There are three types of climate in Morocco. The north and Rif mountains have a Mediterranean climate. To the south (the Sahara), the climate is described as arid. Atlantic breezes moderate the high temperatures along the coast.
When to fly to Morocco
Morocco is a four-season destination and the high and low seasons will depend on what you want to do when you get there. Many visitors think April and May are the best months to see Morocco. For city breaks, Marrakech is best seen in the spring and winter months - it gets very hot in the summer.
The summer months - June through September - are busiest in resorts such as Agadir as this is when schools are out in Europe, but the winter months are popular too, with visitors fleeing harsh Northern European winters. Some parts of the country will be off-limits at certain times of the year. Parts of the Atlas Mountains will be inaccessible, due to snow fall, between December and February and the Sahara Desert will be at its hottest between late June and August (the best months to visit the Sahara are October through November). April and May are the busiest times in Essaouira, as it's quite windy during the summer months.
The ski season (at Mischliffen and Oukaïmeden, for example) is short - January to March.
Getting around Morocco
Royal Air Maroc, the flag carrier, has an extensive domestic network. It's the quickest, if priciest, way of getting around Morocco.
The train network takes in the major cities - Tangier to Marrakech for example - and are comfortable and fast. While the train network is not extensive, ONCF, the rail operator, provides the coaches of its SUPRATOURS subsidiary to continue the journey.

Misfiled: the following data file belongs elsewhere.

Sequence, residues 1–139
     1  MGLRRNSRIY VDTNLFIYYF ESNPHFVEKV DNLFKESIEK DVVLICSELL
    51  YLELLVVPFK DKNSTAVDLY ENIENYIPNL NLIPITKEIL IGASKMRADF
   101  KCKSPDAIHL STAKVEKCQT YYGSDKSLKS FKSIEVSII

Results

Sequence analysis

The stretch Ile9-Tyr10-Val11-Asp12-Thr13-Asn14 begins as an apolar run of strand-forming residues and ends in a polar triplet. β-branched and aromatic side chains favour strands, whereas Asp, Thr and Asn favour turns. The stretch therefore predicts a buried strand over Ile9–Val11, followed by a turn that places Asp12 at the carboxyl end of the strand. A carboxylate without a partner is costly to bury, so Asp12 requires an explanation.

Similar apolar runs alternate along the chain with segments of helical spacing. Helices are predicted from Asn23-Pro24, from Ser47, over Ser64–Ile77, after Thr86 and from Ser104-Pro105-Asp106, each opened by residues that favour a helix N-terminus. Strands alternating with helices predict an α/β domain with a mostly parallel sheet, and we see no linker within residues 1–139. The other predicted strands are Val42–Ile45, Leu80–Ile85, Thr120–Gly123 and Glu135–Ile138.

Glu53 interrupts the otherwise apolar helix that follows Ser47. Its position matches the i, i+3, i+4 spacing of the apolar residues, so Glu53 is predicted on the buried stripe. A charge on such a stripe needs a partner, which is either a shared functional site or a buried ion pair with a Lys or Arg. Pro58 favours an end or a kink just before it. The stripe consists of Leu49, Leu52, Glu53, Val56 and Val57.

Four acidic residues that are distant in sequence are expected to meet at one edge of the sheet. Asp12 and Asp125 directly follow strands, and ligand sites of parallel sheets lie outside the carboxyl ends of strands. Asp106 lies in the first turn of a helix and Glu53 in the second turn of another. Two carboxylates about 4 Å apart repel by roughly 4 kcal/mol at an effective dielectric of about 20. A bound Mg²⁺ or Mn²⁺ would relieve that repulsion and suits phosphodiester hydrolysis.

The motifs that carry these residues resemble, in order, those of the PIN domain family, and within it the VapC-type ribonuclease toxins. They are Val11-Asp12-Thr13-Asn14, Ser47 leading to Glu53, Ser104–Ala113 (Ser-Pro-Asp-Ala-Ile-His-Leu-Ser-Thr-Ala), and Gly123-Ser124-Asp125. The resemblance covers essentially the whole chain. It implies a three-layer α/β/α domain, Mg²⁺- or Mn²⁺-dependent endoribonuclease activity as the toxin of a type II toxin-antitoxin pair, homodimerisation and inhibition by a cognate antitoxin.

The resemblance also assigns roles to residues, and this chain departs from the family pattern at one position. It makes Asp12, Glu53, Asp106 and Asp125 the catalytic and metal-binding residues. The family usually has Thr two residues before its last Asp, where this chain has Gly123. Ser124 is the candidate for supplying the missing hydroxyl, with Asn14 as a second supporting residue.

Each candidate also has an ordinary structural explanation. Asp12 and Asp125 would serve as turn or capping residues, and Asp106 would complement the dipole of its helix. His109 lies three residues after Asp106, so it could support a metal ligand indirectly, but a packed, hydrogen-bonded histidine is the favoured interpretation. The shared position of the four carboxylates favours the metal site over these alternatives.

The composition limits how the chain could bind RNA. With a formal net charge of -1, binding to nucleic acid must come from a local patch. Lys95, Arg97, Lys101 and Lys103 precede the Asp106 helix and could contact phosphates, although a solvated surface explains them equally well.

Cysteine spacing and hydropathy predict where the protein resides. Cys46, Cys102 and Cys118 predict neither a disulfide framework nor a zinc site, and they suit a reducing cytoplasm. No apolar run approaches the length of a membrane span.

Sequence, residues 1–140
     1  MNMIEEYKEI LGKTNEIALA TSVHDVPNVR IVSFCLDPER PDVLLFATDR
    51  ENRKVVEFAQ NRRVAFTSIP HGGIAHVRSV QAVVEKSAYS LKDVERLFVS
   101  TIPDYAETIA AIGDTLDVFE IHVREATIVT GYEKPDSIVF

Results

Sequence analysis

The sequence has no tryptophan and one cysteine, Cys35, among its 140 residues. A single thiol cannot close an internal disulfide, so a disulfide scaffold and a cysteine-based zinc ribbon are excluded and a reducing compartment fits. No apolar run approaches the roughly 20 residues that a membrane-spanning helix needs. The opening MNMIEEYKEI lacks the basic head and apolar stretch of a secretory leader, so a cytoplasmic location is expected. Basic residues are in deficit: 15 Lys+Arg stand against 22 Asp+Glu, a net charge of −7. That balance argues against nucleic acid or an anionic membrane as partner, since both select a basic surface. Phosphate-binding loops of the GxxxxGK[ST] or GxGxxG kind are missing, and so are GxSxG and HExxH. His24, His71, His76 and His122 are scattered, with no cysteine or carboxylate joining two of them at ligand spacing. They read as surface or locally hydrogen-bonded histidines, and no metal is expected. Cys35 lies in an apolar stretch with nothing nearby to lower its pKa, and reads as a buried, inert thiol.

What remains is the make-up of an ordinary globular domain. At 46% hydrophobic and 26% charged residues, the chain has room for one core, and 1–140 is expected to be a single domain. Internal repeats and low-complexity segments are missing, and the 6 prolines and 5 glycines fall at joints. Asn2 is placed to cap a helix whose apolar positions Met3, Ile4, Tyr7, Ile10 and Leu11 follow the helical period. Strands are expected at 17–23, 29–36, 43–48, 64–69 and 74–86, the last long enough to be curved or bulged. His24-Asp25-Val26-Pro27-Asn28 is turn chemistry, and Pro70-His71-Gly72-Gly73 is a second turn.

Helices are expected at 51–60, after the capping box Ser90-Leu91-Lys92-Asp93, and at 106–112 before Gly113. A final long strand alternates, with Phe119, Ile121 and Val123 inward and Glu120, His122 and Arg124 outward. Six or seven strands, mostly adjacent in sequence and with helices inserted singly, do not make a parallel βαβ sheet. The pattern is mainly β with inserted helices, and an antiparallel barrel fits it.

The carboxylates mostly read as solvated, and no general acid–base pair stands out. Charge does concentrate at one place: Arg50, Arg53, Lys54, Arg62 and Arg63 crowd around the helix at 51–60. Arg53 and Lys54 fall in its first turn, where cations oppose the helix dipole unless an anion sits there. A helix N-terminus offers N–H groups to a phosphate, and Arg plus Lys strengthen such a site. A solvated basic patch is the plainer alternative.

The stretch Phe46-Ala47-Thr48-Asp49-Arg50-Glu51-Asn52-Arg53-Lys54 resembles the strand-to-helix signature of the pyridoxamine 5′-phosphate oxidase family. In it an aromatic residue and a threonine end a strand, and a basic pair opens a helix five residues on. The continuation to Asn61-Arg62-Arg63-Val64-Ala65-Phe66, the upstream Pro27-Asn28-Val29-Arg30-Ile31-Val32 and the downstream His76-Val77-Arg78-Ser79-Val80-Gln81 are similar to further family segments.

Taxis - "petit" (in towns) or "grand" (between towns). The "petit" taxis should be metered, but if it's not try to settle on a fare before you set off. The "grand" taxis are shared taxis and this is a great way to experience the country.
Buses are cheaper than the shared taxis and operate more regular routes.
Renting a car is a good idea if you want to see more out-of-the-way parts of Morocco. Select a local agency, rather than an international chain, for the best prices and be careful driving at night as many fellow road-users - such as donkeys, bicycles and mopeds - may not have lights.
Morocco insider information
- On summer nights in Tangier, Cinématèque de Tanger - once the Art Deco Rif cinema - projects arthouse films onto the Grand Socco, the busy, popular marketplace. There's an online calendar, at www.cinemathequedetanger.com.
- Another must-do in Tangier is Café Hafa. The cafe, which looks across the Bay of Tangier, opened in 1921 and has been host to such luminaries as Paul Bowles, William Burroughs and the Rolling Stones. The mint tea is the specialty.
- In the village of Imilchil, in the Atlas, beyond the Gorge of Ziz, a wedding festival is held every September. During the festival, young men and women, who usually must follow tribal customs, are allowed to choose a partner for themselves.
- Ouarzazate , in the centre of Morocco, is the movie-making capital of the country. Several Hollywood blockbusters have been filmed here including Lawrence Of Arabia, Gladiator, The Last Temptation Of Christ and Star Wars.
- Casablanca, the port city of "Play It Again, Sam" fame, boasts the Hassan II Mosque. Built in the 1980s by King Hassan II, it is one of the largest religious buildings in the world. Its minaret - at 210m - is the tallest in the world and it was built on reclaimed land on a promontory looking out across the Atlantic Ocean. The water can be seen through the glass floor.
- Fez el-Bali (Old Fez) medina dates from the 8th century. It has all the charm one would expect from one of the biggest living medieval cities in the world: a maze of souks; the Place an-Nejjarine with its Nejjarine Museum of Wood Arts and Crafts; Qaraouyine University, founded in 859; and the tanners’ quarter with its giant vats of dye and accompanying smell (some would say “stench”) of curing skins. Fez el Djedid is new Fez, established in the 13th century, and home to the Royal Palace, the Mellah, the Jewish quarter, and more souks. Ville Nouvelle, built by the French, is the youngest part of the city. It has wide boulevards and tree-lined avenues.